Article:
Patterico's Pontifications

6/3/2018

Sunday Music: Bach Cantata BWV 76, Part 1

Filed under: Bach Cantatas,General,Music — Patterico @ 12:01 am

It is the second Sunday after Pentecost. The title of today’s Bach cantata is “Die Himmel erzählen die Ehre Gottes” (The heavens are telling the glory of God). This half-hour cantata will provide the music for this Sunday and the next, with Part 1 heard today, and Part 2 heard next week. Here is Part 1:

Today’s Gospel reading is Mark 2:23-3:6.

Jesus Is Lord of the Sabbath

One Sabbath Jesus was going through the grainfields, and as his disciples walked along, they began to pick some heads of grain. The Pharisees said to him, “Look, why are they doing what is unlawful on the Sabbath?”

He answered, “Have you never read what David did when he and his companions were hungry and in need? In the days of Abiathar the high priest, he entered the house of God and ate the consecrated bread, which is lawful only for priests to eat. And he also gave some to his companions.”

Then he said to them, “The Sabbath was made for man, not man for the Sabbath. So the Son of Man is Lord even of the Sabbath.”

Jesus Heals on the Sabbath

Another time Jesus went into the synagogue, and a man with a shriveled hand was there. Some of them were looking for a reason to accuse Jesus, so they watched him closely to see if he would heal him on the Sabbath. Jesus said to the man with the shriveled hand, “Stand up in front of everyone.”

Then Jesus asked them, “Which is lawful on the Sabbath: to do good or to do evil, to save life or to kill?” But they remained silent.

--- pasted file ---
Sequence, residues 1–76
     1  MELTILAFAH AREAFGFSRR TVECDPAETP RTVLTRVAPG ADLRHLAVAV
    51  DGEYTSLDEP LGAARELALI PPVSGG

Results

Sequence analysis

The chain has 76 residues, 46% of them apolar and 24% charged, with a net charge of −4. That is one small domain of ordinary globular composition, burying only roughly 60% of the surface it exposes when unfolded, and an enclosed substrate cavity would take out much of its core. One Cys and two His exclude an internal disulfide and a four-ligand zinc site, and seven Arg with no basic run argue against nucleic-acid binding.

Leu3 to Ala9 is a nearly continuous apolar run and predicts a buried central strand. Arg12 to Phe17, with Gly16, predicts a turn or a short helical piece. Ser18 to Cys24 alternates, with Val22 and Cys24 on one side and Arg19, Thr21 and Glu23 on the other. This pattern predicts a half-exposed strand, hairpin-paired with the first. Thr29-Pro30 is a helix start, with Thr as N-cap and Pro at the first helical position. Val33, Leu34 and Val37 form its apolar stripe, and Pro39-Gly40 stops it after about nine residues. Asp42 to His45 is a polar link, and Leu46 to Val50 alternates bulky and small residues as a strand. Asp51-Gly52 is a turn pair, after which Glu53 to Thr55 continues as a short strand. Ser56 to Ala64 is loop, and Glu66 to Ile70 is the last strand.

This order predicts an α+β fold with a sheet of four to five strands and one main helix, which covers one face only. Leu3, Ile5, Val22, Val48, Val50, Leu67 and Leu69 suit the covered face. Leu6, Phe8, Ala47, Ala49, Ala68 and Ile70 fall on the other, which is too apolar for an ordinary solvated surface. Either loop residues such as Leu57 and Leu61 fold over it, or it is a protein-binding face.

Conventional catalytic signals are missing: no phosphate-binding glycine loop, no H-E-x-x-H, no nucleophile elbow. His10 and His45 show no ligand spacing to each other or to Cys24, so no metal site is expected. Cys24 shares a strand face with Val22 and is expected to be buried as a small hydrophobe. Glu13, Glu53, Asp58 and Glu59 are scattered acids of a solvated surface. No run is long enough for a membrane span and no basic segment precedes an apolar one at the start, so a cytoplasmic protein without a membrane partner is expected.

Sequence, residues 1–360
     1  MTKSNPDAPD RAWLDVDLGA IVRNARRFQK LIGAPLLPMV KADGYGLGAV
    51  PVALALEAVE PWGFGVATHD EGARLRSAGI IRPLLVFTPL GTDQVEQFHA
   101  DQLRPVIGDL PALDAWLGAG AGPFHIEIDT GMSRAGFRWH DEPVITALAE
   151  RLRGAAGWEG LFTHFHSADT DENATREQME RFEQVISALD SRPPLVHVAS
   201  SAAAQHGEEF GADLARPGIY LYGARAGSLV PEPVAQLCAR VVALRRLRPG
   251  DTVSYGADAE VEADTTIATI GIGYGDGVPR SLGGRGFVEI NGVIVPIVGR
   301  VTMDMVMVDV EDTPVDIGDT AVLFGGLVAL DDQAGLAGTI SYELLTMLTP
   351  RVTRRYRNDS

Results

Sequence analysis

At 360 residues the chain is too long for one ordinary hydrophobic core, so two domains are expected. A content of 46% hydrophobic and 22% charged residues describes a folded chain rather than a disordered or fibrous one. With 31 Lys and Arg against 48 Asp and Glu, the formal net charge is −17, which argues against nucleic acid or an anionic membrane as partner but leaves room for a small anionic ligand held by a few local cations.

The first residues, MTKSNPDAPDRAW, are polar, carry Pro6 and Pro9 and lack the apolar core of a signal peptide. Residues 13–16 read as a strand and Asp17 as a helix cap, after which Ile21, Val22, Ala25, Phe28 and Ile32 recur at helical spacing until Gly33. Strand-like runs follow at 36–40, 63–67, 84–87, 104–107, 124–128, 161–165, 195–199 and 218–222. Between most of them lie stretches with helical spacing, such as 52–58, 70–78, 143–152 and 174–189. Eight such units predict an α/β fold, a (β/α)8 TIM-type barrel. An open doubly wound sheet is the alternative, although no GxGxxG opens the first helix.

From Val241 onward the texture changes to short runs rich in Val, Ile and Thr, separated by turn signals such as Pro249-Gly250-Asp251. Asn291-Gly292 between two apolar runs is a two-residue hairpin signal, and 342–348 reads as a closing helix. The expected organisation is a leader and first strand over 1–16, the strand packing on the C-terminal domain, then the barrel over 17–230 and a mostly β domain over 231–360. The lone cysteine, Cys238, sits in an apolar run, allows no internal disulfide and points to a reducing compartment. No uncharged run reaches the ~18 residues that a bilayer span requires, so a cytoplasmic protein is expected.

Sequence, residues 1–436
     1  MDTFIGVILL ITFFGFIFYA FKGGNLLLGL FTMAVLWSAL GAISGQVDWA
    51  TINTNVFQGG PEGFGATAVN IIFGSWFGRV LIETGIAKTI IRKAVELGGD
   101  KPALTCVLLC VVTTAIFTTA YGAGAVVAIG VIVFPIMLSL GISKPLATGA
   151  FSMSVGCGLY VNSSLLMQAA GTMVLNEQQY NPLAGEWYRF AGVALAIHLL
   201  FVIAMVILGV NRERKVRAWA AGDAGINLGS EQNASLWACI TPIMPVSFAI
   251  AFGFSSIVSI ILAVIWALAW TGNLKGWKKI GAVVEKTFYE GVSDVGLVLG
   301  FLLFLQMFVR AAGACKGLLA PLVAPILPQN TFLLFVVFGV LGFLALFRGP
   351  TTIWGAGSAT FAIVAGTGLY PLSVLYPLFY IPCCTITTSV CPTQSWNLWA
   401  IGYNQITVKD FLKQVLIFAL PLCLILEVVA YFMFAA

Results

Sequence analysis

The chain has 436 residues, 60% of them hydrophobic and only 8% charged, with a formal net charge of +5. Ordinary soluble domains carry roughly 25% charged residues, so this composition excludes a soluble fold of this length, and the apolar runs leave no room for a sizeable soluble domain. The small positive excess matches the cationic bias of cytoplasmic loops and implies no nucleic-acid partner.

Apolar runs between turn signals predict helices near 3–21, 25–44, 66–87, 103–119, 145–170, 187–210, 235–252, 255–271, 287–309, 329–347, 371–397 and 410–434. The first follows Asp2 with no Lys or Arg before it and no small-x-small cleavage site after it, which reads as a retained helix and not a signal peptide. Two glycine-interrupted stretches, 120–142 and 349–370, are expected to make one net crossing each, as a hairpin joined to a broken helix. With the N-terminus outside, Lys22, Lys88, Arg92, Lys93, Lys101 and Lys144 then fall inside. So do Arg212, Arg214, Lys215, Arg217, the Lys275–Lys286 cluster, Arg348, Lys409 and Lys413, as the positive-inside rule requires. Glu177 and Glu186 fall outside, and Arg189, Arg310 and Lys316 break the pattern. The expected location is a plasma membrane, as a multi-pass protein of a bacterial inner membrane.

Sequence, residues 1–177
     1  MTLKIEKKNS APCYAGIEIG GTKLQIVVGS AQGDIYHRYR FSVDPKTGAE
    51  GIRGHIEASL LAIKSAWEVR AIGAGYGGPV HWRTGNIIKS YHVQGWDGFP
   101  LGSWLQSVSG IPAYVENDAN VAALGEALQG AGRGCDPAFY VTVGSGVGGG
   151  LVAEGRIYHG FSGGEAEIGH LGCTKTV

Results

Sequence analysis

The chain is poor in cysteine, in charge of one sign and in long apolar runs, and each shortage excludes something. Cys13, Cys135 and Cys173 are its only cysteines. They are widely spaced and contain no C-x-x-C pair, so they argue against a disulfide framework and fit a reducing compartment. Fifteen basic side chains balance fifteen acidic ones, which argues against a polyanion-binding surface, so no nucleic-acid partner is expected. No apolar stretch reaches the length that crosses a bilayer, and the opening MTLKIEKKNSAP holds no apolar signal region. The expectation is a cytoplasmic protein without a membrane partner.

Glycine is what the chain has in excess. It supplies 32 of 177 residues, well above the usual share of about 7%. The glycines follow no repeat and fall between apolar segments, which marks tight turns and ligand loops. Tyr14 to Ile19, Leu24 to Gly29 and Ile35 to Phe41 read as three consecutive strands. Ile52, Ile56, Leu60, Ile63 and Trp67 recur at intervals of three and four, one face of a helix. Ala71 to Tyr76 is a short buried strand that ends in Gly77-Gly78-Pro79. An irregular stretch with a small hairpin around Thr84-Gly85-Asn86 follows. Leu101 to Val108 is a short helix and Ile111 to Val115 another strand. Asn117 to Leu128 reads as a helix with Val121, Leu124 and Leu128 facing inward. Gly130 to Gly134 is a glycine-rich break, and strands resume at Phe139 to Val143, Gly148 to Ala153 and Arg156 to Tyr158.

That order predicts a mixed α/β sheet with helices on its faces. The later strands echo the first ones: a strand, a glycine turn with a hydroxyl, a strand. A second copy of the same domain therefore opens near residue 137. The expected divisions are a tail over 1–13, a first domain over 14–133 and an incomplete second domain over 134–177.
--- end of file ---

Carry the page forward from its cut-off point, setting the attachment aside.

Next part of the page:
He looked around at them in anger and, deeply distressed at their stubborn hearts, said to the man, “Stretch out your hand.” He stretched it out, and his hand was completely restored. Then the Pharisees went out and began to plot with the Herodians how they might kill Jesus.

The text of today’s piece is available here. It includes these words, which describe how God looks after the welfare of humans:

Thus God does not leave Himself unwitnessed!
Nature and grace speak to all mankind:
God has indeed done all this,
so that the heavens move
and spirits and bodies stir themselves.
God Himself has leaned down to you
and calls to you through countless messengers:
rise up, come to My feast of love!

. . . .

Indeed with You Yourself fed and quenched
and given Your spirit,
which continually hovers in our souls.

Happy listening!

[Cross-posted at The Jury Talks Back.]

5/27/2018

Sunday Music: Bach Cantata BWV 174

Filed under: Bach Cantatas,General,Music — Patterico @ 12:01 am

It is Trinity Sunday. The title of today’s Bach cantata is “Ich liebe den Höchsten von ganzem Gemüte” (I love the Highest with my entire being).

Today’s Gospel reading is John 3:1-17.

Jesus Teaches Nicodemus

Now there was a Pharisee, a man named Nicodemus who was a member of the Jewish ruling council. He came to Jesus at night and said, “Rabbi, we know that you are a teacher who has come from God. For no one could perform the signs you are doing if God were not with him.”

Jesus replied, “Very truly I tell you, no one can see the kingdom of God unless they are born again.”

“How can someone be born when they are old?” Nicodemus asked. “Surely they cannot enter a second time into their mother’s womb to be born!”

Jesus answered, “Very truly I tell you, no one can enter the kingdom of God unless they are born of water and the Spirit. Flesh gives birth to flesh, but the Spirit gives birth to spirit. You should not be surprised at my saying, ‘You must be born again.’ The wind blows wherever it pleases. You hear its sound, but you cannot tell where it comes from or where it is going. So it is with everyone born of the Spirit.”